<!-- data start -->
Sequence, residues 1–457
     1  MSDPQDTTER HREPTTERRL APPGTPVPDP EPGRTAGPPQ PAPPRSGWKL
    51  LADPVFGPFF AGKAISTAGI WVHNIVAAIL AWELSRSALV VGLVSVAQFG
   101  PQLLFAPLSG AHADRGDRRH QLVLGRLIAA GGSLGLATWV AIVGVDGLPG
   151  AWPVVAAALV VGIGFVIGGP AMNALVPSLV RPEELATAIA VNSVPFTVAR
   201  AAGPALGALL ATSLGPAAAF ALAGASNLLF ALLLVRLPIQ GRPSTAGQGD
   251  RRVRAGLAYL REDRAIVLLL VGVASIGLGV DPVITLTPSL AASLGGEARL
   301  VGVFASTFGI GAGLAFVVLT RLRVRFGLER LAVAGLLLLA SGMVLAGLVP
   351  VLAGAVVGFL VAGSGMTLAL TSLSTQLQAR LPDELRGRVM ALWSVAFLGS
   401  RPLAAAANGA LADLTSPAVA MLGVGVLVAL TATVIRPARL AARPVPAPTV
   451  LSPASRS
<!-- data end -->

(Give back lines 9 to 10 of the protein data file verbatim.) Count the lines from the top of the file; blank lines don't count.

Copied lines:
   351  VLAGAVVGFL VAGSGMTLAL TSLSTQLQAR LPDELRGRVM ALWSVAFLGS
   401  RPLAAAANGA LADLTSPAVA MLGVGVLVAL TATVIRPARL AARPVPAPTV